- Eighty percent of retirees (did) get the full or part pension.
- As of 1 January 2017 under the pension assets test: the maximum asset cut-offs have been reduced by 20-30 per cent; and the rate of pension reduction has been doubled to $3/$1,000 of excess assets.
- The home is exempt, but when sold any surplus not applied to the next home will most likely be assessable and attract deemed income.
- A single person moving into an aged care facility of choice will usually need their house to be sold.
It might sound a little alarmist, but the exalted status of the Australian home is beginning to undergo a process of fiscal erosion under the increasing weight of demands on the public purse to pay for, amongst other things, the welfare and care of our ageing population.
It is not just a matter of ageing, or the increasing incidence of dementia and macular degeneration. Those of traditional retirement age have accumulated more private wealth than any previous cohort. For most, the bulk of that wealth lies in the equity in the unencumbered market value of their principal residence. Eighty per cent of retirees own their home with little or no mortgage and are full or part pensioners – the ‘Great Australian Dream’ realised.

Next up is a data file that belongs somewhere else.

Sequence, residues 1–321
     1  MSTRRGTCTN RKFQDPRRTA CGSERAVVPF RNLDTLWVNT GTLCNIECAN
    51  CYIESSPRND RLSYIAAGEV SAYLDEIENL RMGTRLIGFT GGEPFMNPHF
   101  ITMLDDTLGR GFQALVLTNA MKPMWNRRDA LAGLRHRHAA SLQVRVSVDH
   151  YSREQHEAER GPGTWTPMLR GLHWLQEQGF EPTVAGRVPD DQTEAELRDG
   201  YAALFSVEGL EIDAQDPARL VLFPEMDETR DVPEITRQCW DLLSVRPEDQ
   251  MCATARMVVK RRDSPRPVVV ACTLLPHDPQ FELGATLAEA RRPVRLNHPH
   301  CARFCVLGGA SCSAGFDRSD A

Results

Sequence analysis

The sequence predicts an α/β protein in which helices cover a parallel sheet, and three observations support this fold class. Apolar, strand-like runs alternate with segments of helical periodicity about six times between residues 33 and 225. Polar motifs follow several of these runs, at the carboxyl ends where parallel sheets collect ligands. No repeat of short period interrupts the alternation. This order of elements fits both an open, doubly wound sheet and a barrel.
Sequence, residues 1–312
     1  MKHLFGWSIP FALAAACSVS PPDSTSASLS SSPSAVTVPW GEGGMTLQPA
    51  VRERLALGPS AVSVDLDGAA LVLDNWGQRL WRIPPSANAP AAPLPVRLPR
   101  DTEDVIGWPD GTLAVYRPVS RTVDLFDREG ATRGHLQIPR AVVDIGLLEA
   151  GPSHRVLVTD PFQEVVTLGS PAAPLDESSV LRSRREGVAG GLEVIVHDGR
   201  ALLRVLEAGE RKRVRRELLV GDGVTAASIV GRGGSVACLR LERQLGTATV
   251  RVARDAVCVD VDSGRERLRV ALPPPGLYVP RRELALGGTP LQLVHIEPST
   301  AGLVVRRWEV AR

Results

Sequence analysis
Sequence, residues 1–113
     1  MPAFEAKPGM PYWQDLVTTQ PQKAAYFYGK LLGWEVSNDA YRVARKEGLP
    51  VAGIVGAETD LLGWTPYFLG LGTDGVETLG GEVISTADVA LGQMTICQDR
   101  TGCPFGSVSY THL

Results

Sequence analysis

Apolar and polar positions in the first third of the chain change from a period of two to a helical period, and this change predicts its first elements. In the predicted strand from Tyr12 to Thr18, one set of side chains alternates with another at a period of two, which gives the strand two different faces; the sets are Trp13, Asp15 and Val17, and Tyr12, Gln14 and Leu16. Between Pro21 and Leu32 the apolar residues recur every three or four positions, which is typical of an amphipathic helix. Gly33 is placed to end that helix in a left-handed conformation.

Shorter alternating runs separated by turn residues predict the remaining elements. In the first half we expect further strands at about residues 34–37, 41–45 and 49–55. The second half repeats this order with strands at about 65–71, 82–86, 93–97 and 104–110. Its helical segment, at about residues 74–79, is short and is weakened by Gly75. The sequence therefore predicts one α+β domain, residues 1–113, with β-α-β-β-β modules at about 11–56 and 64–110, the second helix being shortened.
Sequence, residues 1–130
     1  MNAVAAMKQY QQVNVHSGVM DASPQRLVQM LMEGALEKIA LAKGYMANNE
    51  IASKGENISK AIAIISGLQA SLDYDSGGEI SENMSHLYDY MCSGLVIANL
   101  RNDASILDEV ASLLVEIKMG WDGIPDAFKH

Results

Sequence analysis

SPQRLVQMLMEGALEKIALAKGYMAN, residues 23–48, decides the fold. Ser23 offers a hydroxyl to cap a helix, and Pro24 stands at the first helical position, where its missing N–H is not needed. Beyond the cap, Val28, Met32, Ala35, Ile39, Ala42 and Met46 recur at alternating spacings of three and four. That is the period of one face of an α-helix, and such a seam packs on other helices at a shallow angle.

A fiscal shift in government policy is evident in several recent amendments to the Social Security Act 1991 (Cth) (‘SS Act’). These changes came into force on 1 January 2017 and relate to:
- the age pension asset thresholds and the doubling of the rate of reduction of the pension payable under the Social Services Legislation Amendment (Fair and Sustainable Pensions) Act 2015 (Cth); and
- the end of exemptions for rental income from the home and the market value of the home, for pension purposes if a single elder has to move into permanent residential aged care as regulated under the Aged Care Act 1997 (Cth) (‘AC Act’). This comes from schedule 18 of the Budget Savings (Omnibus) Act 2016 (Cth).